Irish firms neglect cyber security legal requirements
Cyber risk study conducted by Red C for A&L Goodbody find most firms not fulfilling basic requirements
John Whelan: “As cyber risk becomes more sophisticated, and more prevalent, businesses are exposed to increasing risk to their reputation and their bottom line.”
The study, conducted by Red C for A&L Goodbody, found a significant majority of companies are not fulfilling basic legal requirements when it comes to cyber security.
Some 65 per cent of survey respondents had no written cyber security policies in place, and 59 per cent had provided no training to employees on what to do in the event of a cyber attack.
Half of companies surveyed said their data is stored by a third party off-site, and within this group, 44 per cent said they didn’t know their supplier’s cyber security attack policy.
Less than a third (27 per cent) of companies surveyed said they were fully prepared to deal with an attack and, when prompted, 63 per cent cited a lack of awareness of their company’s legal obligations as their biggest challenge.
John Whelan, head of A&L Goodbody’s international technology practice, said boards and senior management must have policies in place to protect their business should a cyber incident occur. “As cyber risk becomes more sophisticated, and more prevalent, businesses are exposed to increasing risk to their reputation and their bottom line,” he said.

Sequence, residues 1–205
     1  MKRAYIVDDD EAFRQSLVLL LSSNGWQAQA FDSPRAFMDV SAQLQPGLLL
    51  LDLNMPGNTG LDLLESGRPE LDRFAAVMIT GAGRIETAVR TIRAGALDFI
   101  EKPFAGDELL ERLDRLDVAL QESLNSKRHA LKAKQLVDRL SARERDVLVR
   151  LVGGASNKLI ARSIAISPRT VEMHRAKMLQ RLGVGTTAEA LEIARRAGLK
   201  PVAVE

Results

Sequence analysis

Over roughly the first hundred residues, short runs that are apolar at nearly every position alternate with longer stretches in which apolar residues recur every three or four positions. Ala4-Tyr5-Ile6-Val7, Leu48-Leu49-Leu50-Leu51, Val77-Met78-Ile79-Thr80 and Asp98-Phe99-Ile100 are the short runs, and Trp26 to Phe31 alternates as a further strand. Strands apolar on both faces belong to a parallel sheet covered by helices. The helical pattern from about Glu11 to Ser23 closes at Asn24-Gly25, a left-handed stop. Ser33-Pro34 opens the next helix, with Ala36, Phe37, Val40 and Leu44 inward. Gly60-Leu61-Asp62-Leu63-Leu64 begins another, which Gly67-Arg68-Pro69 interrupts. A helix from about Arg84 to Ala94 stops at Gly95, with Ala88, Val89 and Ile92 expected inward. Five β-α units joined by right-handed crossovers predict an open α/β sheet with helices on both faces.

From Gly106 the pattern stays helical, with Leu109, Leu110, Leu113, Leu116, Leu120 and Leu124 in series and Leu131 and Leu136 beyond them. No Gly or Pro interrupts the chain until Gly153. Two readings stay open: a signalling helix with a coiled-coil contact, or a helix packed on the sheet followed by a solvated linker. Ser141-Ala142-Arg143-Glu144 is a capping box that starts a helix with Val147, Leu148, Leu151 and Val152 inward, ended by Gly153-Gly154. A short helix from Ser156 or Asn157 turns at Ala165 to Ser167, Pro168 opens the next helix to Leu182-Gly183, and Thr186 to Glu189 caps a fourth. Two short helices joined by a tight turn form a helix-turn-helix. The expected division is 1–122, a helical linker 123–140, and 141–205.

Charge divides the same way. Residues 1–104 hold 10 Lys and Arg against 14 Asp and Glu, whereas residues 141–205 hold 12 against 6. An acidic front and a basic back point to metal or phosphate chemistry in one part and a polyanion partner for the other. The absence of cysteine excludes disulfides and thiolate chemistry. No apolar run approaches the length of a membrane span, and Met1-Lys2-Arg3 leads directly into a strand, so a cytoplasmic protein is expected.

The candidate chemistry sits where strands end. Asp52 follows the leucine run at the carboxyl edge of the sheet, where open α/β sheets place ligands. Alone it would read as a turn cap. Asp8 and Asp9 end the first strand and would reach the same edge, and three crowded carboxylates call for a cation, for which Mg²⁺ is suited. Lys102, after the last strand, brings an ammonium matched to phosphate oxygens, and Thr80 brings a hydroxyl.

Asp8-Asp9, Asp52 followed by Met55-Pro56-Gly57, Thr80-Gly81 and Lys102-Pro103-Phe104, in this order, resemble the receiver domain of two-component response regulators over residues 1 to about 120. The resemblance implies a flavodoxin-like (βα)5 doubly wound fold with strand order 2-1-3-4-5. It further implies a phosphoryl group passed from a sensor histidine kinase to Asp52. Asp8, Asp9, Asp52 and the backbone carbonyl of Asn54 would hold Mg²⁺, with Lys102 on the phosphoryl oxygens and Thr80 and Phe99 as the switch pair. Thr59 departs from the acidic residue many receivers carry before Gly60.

He said companies are getting technically ready for cyber attacks, but not legally ready.
“There is no stigma about being the subject of a cyber attack. It’s all how you respond to it. The companies that come out the best, have handled it the best.”
Meanwhile, the Central Bank of Ireland is said to be reviewing the cyber security policies and procedures of asset managers, amid fears the investment industry has been slow to tackle the threat of cyber crime. Teams from the bank have begun to carry out on-site inspections at a number of fund managers, investment firms and stockbrokers.